Black Farmers Call on Senator Lincoln and White House to Finally Fund Justice for Black Farmers

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Seven Senate Failures May Mean Turning to Other Means -- Measures Denied to Black Farmers But Offered to Others

Time is of the essence, as many Pigford claimants have passed away waiting for closure on this matter. We simply cannot afford to delay this process any further.

Washington, DC Despite the advocacy of Sen. Lincoln, the US Senate has failed in seven attempts to fund a settlement designed to remedy decades of discrimination suffered by black farmers.

Yet, the Obama Administration and Sen. Lincoln were able to find and offer $1.5 billion to farmers in Arkansas and around the country coping with natural disasters -- a measure that has come under criticism.

Black farmers around the country are now calling on Sen. Lincoln, the Administration and other leaders to work together on finally funding justice for black farmers, many of whom face dire financial straits and/or old age.

On Aug. 5, Sen. Lincoln said that the time to fund the black farmer settlement was “long overdue.” The Senator went on to say, “Time is of the essence, as many Pigford claimants have passed away waiting for closure on this matter. We simply cannot afford to delay this process any further.”

But the Senate took no conclusive legislative action on behalf of the black farmers.

Adding insult to injury, according to press reports, and confirmed by a letter dated August 6th, from the Executive Office of the President, Office of Management and Budget, Senator Lincoln sought and received assurances that the White House would find $1.5 billion within its budget to help farmers in Arkansas and around the country who are coping with natural disasters. Press reports indicated that White House Chief of Staff, Rahm Emanuel, “promised to provide the assistance administratively to get her to agree to delete $1.5 billion in disaster relief assistance for farmers from small-business legislation.”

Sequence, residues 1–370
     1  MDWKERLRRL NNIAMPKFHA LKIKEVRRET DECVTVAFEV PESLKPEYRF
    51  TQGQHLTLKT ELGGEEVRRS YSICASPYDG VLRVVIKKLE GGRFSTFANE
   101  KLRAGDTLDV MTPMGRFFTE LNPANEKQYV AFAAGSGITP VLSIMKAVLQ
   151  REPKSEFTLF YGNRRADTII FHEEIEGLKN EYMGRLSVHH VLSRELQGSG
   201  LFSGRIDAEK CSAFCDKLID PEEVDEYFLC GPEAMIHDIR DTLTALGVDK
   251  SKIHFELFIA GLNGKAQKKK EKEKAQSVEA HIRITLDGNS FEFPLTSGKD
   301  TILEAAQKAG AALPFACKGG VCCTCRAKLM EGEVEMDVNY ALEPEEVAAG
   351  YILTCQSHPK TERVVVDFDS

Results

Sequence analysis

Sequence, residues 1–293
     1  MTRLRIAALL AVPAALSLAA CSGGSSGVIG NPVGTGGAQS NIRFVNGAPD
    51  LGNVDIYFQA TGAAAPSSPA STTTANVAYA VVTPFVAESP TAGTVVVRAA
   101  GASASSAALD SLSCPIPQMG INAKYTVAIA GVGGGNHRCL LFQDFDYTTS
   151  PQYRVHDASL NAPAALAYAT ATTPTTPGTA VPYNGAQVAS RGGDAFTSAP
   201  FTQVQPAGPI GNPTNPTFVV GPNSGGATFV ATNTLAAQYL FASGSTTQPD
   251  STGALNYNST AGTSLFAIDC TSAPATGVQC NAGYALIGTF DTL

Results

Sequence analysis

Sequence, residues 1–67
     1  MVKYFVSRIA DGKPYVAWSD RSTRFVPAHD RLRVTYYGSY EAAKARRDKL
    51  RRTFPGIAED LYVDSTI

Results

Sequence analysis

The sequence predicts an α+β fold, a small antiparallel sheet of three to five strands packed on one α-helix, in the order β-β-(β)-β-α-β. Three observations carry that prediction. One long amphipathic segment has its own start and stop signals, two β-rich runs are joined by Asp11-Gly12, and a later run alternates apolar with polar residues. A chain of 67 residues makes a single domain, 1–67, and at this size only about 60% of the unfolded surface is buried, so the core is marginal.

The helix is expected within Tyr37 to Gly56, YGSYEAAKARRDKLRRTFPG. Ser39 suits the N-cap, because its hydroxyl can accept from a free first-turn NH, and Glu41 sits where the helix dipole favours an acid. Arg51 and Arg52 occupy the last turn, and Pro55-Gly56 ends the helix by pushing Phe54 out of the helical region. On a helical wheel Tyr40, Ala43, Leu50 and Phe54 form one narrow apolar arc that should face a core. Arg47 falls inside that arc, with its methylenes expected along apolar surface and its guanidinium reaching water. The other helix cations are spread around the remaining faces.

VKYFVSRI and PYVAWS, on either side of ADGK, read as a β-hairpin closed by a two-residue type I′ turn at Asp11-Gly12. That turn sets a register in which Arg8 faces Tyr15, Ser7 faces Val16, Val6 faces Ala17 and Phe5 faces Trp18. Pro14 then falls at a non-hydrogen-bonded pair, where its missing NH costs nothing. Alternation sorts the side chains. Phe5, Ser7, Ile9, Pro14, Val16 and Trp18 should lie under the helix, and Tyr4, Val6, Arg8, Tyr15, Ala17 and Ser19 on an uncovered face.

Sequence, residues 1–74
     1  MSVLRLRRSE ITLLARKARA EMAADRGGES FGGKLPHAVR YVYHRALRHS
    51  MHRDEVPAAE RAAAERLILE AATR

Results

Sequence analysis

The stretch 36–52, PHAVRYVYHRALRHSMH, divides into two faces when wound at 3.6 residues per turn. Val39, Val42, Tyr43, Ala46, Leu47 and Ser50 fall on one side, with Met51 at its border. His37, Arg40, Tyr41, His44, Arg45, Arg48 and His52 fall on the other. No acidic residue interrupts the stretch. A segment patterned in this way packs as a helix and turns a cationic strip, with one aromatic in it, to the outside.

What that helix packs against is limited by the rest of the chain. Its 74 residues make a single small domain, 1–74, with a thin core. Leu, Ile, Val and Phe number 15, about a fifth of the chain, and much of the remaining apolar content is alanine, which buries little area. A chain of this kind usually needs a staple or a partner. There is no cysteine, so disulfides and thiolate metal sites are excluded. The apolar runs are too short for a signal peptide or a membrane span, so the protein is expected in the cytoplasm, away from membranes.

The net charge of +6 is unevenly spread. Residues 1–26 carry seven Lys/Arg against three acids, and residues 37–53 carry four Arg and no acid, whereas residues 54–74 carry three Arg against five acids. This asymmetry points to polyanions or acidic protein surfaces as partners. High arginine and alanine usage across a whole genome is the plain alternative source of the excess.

President and founder of the National Black Farmers Association, John W. Boyd, Jr. said, “All we have heard are words from the Senate. We have been fighting for months to get the government to pay for the settlement they agreed to, and seemingly with the stroke of a pen and magically there is 1.5 Billion dollars. How can I possibly justify this to the Black farmers across the nation who are struggling and saddled with the impacts of decades of discrimination? How is that right?”

Upon receiving this assurance, Senator Lincoln said, “I don’t forget who I represent, I’m willing to stand up to my caucus and everybody else to remind them who I represent. And I do represent farmers.” However, according to the non-profit organization, Environmental Working Group, this funding will, “will mean a six-figure windfall for hundreds of plantation-scale, highly subsidized rice and cotton farms across the South.” Further, the EWG stated, “…the largest share of the disaster aid will go to Arkansas -- more than $210 million -- with most of the funds directed to a small minority of the state’s largest, most heavily subsidized farm operations, regardless of how much harm they actually suffered in 2009.”

Boyd went on to say, “When there’s a will, there’s a way – this is wrong. Senator Lincoln’s office released a list of 19 programs that have been paid for using the U.S. Department of Agriculture's administrative funds since 1999, and yet they cannot find one dollar – not one – administratively to fund this settlement! As Chairman of the Senate Agriculture Committee, Senator Lincoln has a unique obligation to see that America’s farmers, regardless of race are treated equitably. I call on the Senator to push for an immediate, administrative remedy today.”

For more on the Black farmers’ long road to justice, please visit and

Media Contact:
Adam J. Segal
The 2050 Group
(202) 422-4673

United States District Court for the District of Columbia - Case number 1:08-cv-00940


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